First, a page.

6 ways your solar company can compete against Tesla and Sunrun
By Scott Nguyen, CEO of Bodhi
There’s an anecdote I share with almost every installer I speak to because it illustrates the challenges smaller solar companies face. The story goes like this:
A homeowner explained that she had two houses, both with solar energy. With her first home, she settled at Tesla and had a terrible experience. For her second home, she decided to try a local solar company and had a wonderful experience. Unfortunately, she couldn’t remember the name of her second installer.
This anecdote illustrates the sheer power of a brand name, and when it comes to solar energy, there is no stronger name than Tesla. There’s a cache built by its EVs and, of course, the acknowledgment of its CEO, Elon Musk.
So how can your solar company compete with Tesla, Sunrun or any major national player? Below are six concrete ways to put your business on top and make sure your customers always remember your business name.
Piggybacking on Tesla’s Market Power
Instead of seeing Tesla or Sunrun as competitors, get on with each other and capitalize on their marketing efforts. Companies that are large and expanding into new regions are spending astronomical amounts to penetrate this new market. This means that they really do the work of market education for you.
Use their marketing and sales efforts as a springboard for your own initiatives. Start thinking of your sales process as two distinct phases: people are convinced to go solar, where Tesla can do the heavy lifting. Then there is convincing people to go with solar energy you† The latter is where you should focus your marketing efforts.
People are shopping for solar energy these days. It’s in the comparison stage where your business can be discovered and really shine. Instead of trying to outdo Tesla’s brand — which is nearly impossible — focus on efforts that will help you win in the proposal phase.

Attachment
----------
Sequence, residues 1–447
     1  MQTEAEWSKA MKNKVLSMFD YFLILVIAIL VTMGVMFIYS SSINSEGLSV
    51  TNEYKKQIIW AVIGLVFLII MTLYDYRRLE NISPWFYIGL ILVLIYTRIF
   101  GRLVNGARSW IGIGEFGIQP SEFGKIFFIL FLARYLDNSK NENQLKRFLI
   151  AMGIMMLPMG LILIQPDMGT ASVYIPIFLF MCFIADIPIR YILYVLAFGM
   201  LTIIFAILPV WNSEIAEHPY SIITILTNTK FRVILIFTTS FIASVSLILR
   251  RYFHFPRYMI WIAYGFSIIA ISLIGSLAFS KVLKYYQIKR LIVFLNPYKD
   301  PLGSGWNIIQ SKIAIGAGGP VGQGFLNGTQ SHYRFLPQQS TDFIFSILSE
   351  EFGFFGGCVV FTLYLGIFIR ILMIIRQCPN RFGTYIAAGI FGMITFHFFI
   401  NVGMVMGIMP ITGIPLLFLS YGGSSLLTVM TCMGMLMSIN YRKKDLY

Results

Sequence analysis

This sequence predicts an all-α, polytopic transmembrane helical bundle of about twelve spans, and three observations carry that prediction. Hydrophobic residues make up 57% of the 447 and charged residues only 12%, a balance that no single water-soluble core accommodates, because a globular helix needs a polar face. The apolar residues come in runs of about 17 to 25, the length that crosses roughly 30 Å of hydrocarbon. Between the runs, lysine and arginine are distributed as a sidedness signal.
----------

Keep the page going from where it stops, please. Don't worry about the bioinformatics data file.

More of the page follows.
Make sure you are easily found on Google under the search term ‘solar installers near me’. Emphasize your distinguishing features and sharpen your quotation process. These efforts are all much more likely to yield noticeable results to help you win against national players.
Embrace the ‘Buy Local’ Brand
Did you know 93% of consumers do you prefer to buy locally? Use this to the benefit of your solar business. The buy local movement provides you with an easy network to leverage and get support for your business from bigger brands like Tesla and Sunrun.
Set yourself apart as a local player by emphasizing your community roots. Share your founding story and your involvement in the local community on your website. Participate in events that are iconic in your community – from sponsoring local sporting events to exhibiting at trade shows or events.
People are attracted to solar energy because it makes them feel like they are part of something bigger. You can confirm that feeling by reminding them that they are part of a local community of progressive energy consumers.
Use your local knowledge
While you can’t spend Tesla or Sunrun, you can be more strategic than them. I guarantee that you are more aware of what is happening in your local market than with a national player. Tesla’s sales and marketing may be well-funded, but it’s generic.
Customize your messaging and sales practices to match your customers’ unique likes and dislikes specific to regional culture. For example, the Austin company Freedom Solar Power hired Willie Nelson for its marketing to appeal to its customer base in Texas.